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The Story of the Greeks by  H. A. Guerber

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THE RETURN TO BABYLON

[251] UPON reaching the Hyphasis River, Alexander would have liked to cross it, and continue his conquests; but his soldiers now refused to go any farther. They were tired of fighting and danger, and were longing to go back to Macedon.

Although he was unwilling to do so, Alexander was therefore obliged to stop in his conquests; but, instead of going home as he had come, he now built a fleet and sailed down the Indus River to the sea.

Now, the Greeks had no maps such as we have; and their knowledge of geography was very small. When Alexander came to the sea, however, he thought it must be the same as that into which the Euphrates flowed.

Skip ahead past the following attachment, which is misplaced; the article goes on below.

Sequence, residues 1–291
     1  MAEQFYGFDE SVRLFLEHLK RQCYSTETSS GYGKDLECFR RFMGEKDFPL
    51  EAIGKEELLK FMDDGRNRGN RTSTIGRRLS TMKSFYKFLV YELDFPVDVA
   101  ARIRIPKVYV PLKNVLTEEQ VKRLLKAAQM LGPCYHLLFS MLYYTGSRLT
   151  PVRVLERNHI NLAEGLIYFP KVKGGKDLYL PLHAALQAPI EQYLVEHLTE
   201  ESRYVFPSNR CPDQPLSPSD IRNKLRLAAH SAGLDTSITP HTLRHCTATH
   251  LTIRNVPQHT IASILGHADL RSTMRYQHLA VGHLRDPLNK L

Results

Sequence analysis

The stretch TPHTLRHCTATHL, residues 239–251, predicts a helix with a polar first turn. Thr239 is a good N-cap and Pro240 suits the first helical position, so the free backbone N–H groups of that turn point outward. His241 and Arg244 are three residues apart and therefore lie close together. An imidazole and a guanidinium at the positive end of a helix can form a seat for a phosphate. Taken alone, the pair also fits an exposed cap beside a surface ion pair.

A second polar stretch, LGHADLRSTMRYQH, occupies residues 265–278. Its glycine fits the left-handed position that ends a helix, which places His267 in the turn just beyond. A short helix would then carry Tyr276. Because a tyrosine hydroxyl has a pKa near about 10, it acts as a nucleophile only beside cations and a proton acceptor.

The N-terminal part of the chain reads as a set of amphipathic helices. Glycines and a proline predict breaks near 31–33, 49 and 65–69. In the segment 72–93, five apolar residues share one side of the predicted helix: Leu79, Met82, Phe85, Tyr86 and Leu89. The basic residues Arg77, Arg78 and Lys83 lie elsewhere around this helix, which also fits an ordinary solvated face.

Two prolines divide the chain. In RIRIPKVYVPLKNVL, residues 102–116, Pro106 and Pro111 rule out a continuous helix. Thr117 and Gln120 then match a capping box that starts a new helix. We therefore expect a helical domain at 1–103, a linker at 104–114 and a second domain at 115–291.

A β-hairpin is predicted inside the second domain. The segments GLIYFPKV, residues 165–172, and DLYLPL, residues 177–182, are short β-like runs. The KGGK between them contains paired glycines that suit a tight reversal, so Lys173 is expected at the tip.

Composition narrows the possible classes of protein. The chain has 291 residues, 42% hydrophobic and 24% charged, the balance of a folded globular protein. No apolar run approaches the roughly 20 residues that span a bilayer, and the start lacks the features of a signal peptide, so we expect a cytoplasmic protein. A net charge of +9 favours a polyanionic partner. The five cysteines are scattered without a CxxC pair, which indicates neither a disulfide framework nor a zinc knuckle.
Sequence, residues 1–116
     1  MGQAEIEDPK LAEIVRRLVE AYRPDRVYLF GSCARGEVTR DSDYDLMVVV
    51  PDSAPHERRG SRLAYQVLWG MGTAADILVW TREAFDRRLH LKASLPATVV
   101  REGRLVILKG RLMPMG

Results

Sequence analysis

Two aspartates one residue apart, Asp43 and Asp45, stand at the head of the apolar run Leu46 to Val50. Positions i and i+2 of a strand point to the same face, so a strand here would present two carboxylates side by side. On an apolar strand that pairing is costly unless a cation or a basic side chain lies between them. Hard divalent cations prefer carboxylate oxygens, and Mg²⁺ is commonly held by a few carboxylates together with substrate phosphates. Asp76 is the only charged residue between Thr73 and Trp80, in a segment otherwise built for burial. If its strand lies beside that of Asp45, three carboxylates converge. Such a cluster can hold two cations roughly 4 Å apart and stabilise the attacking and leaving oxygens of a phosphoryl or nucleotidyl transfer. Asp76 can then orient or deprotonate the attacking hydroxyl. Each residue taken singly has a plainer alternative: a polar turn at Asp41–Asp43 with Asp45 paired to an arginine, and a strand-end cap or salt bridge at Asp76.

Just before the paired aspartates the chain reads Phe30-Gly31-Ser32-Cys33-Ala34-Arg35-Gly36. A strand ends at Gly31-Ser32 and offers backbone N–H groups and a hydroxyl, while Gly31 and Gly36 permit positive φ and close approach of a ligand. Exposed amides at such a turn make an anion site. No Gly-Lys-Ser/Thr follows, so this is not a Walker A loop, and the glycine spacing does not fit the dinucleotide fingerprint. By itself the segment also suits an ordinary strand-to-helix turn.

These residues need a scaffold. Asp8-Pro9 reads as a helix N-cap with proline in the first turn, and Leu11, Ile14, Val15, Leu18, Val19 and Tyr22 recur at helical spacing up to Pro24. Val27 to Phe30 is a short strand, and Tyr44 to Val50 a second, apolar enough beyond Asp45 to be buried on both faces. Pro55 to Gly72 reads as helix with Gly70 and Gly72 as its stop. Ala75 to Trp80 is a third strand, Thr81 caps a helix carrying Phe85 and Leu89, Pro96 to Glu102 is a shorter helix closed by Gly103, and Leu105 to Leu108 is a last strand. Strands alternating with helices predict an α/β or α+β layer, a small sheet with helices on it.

To find out if this was true, he bade his admiral, Nearchus, sail along the coast and explore it, while the army went homeward on foot. Alexander himself staid with the army, and led the soldiers along a new way, which was very wearisome and dangerous.

The Macedonians had to pass through large wastes of burning sand, where they suffered a great deal. They were cheered and encouraged, however, by the example of Alexander, who nobly shared their hardships, and always went ahead of them on foot, carrying his own armor.

Once, when they were panting with thirst, some of his men found a little water, which they brought him. Rather than indulge in anything which all could not share with him, Alexander poured the water out upon [252] the sand, saying he would refresh himself only when his men could do so too.

After many months of weary travel and great suffering, the army finally joined the fleet at the mouth of the Euphrates, for Nearchus had in the mean while sailed all along the northern coast of the Indian Ocean and up the Persian Gulf.

He wrote an account of this wonderful sea journey, which was of great importance, as it opened a new and convenient road for Eastern commerce. The people soon took advantage of it to establish colonies and trading stations, and to carry on a lively business with the East.


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